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The Bear Case for Lordstown Motors Is More Compelling Now

Lordstown Motors (NASDAQ:RIDE) recently completed its reverse merger with special purpose acquisition company DiamondPeak Holding. The company is now set to take the competitive electric vehicle (EV) market by storm with its flagship pickup truck called the Endurance. Founder and CEO Steve Burns feels that the company is “going to beat everyone to market.” He feels it has the edge over its competition, focusing on purpose-built work trucks in targeting fleets only. However, with it still in the prototype stage and a commercial release still two or three years away, it’s tough to get optimistic about RIDE stock.

White chalk on pavement shows a plug-in electric vehicle.
Source: Shutterstock

Lordstown hopes to begin production next summer and hopefully break-even by 2022. Such a timeline seems aggressive and unrealistic due to competition and the internal and external risks. Hence, to prove its naysayers wrong, the company must deliver results fast.

A few things set it apart from its competition, but they are several risks as well. All in all, though, it’s a tad too early to be investing your money in a speculative investment such as RIDE stock.

The Bull Case

Burns insists that Lordstown has something unique to offer its customers. Its flagship electric pickup truck called Endurance could potentially become the creme de la crème of the industry. The truck comes with an impressive 7500-pound towing capacity, a 250-mile range, and a reasonable price tag of $52,500.

The company made headlines recently when it showcased the Endurance at the White House with President Donald Trump. Management states the company has a backlog of orders worth $1.4 billion.

A core differentiating factor for Lordstown is that it owns its auto plant. Its competitors, such as Nikola (NASDAQ:NKLA) and Fisker (NYSE:FSR), lack the infrastructure to manufacture its vehicles. Lordstown has a 6.2 million square foot assembly plant from General Motors (NYSE:GM), with a $3 billion replacement value.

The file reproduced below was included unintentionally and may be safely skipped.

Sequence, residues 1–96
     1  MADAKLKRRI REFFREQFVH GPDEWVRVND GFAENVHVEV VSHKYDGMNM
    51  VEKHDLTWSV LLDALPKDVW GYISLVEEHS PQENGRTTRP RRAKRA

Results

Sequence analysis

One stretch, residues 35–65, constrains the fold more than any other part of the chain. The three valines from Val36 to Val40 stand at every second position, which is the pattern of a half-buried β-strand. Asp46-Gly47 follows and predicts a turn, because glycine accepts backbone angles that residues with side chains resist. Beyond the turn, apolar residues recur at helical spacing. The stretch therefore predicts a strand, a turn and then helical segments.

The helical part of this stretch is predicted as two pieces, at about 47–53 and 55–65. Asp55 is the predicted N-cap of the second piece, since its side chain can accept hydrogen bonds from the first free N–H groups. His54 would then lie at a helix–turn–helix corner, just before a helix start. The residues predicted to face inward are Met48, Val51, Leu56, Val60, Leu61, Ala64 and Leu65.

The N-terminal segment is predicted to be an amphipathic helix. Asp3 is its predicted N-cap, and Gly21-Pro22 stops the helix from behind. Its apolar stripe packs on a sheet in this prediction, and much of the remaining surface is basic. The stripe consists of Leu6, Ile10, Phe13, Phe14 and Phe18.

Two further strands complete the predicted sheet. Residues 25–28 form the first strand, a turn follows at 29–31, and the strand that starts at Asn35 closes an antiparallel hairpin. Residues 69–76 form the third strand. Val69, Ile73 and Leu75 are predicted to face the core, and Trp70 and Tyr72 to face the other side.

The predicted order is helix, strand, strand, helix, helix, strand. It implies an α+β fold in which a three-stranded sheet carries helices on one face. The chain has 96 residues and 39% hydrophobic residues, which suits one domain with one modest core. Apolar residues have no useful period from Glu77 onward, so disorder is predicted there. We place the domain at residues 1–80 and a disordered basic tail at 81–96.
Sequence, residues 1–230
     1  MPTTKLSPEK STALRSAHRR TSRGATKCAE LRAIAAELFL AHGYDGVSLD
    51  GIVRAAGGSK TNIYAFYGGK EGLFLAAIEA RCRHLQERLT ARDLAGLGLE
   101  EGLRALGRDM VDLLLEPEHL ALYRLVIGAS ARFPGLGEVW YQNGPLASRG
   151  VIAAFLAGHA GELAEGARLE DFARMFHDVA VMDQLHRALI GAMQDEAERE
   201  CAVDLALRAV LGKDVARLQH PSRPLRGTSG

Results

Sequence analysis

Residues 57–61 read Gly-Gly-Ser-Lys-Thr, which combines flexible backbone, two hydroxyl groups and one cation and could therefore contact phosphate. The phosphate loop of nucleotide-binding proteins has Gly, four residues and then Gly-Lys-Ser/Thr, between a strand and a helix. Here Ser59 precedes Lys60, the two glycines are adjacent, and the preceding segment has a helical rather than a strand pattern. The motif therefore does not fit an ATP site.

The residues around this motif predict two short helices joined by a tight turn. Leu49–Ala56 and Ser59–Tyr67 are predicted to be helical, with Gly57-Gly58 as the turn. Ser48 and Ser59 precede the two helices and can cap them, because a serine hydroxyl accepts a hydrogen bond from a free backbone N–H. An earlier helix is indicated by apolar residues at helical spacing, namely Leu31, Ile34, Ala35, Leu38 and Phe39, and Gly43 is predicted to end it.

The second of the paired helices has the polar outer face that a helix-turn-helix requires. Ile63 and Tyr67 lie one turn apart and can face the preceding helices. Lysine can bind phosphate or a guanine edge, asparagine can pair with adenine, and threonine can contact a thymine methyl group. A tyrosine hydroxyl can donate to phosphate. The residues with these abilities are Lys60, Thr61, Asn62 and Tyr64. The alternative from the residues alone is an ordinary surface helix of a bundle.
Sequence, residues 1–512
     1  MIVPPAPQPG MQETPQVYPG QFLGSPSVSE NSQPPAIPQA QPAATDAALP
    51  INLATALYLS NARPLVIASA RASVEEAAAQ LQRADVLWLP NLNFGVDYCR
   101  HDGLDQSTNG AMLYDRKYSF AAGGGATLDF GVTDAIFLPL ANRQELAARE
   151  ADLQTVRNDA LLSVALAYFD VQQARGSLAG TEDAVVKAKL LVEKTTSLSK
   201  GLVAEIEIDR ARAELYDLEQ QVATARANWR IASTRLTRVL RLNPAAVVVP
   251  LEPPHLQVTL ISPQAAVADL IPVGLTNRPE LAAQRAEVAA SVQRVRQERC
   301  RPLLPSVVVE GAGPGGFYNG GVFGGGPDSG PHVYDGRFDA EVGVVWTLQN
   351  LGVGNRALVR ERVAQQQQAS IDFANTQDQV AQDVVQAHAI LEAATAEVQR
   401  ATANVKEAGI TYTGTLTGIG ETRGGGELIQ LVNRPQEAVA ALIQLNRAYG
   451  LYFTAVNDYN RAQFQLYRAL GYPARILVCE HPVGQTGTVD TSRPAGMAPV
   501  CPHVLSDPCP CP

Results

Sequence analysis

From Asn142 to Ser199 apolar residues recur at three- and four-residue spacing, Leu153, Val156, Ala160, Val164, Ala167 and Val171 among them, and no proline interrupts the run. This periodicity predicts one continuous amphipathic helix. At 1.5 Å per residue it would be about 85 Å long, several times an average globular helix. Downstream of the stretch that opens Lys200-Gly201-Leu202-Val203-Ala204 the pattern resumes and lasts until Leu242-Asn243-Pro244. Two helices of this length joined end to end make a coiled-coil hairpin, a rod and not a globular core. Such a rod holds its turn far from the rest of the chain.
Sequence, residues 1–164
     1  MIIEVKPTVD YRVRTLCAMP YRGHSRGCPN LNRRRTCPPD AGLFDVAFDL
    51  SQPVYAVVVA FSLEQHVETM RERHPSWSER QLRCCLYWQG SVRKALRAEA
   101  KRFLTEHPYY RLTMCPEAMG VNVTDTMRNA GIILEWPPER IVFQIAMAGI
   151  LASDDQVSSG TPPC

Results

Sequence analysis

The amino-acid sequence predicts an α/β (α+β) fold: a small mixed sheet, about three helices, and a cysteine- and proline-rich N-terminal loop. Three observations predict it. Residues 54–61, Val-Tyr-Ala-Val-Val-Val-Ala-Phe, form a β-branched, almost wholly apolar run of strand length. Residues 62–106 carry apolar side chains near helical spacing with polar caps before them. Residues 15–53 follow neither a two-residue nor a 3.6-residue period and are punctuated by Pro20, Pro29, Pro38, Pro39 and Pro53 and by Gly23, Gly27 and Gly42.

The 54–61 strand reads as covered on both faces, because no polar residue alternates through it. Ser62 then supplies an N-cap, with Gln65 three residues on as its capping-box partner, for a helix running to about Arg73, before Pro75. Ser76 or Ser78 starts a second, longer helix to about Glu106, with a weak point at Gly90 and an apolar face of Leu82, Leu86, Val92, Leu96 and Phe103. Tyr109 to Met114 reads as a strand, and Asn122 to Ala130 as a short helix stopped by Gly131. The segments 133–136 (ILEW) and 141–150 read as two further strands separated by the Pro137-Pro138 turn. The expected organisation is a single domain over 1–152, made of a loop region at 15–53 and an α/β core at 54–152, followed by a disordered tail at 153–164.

Additionally, it has several strategic investors, including automotive giants such as GM and institutional investors Fidelity and BlackRock (NYSE:BLK). Another positive is its current stock price. Lordstown Motors has a market capitalization of approximately $2.76 billion and is trading at less than $20.

The Bear Case

Unfortunately for Lordstown, the bear scenario for RIDE stock seems more compelling at this time. Perhaps the most obvious concern with the company is its ability to scale production. The Endurance hasn’t entered production yet, but the company has already laid down a break-even timeline. Seems a bit imprudent at this stage.

Lordstown might have to beef up its production capabilities if its partner Workhorse (NASDAQ:WKHS) wins a portion of the $6.3 billion USPS contract. Hence, the company could potentially end up borrowing significant sums of money in continuing to ramp up production. An Ann Arbor-based company recently sued it for $2.5 million for non-payment of dues. Therefore, the cracks seem to have started to surface already.

Moreover, you have to also factor in the intense competition in the EV space. Governments are likely to get involved in funding several new startups in hopes of transitioning to a greener economy. As cities begin to limit carbon emissions and other stakeholders continue to push the clean energy agenda, expect the EV market to become saturated soon.

Furthermore, having a manufacturing facility is an advantage but whether it’s cost-effective is a different story. EV startups, such as Fisker, are outsourcing manufacturing and focusing on design and software. Perhaps Lordstown could take cues from Fisker and employ an asset-light approach.

Bottom Line on RIDE Stock

Lordstown Motors is a fascinating play in the EV market but has a lot to prove to pique investors’ interest.

The company has an impressive production facility, a healthy backlog of orders and its stock is trading cheaply. However, production is yet to begin, and the intense competition might weigh down its progress immensely.

On top of that, its asset-heavy model might prove to be expensive in the longer run. Therefore, it’s best to avoid RIDE stock at this time.

On the date of publication, Muslim Farooque did not have (either directly or indirectly) any positions in the securities mentioned in this article.

Muslim Farooque is a keen investor and an optimist at heart. A life-long gamer and tech enthusiast, he has a particular affinity for analyzing technology stocks. Muslim holds a bachelor’s of science degree in applied accounting from Oxford Brookes University.


Article printed from InvestorPlace Media, https://investorplace.com/2020/11/bear-case-for-ride-stock-is-more-compelling-at-this-point/.

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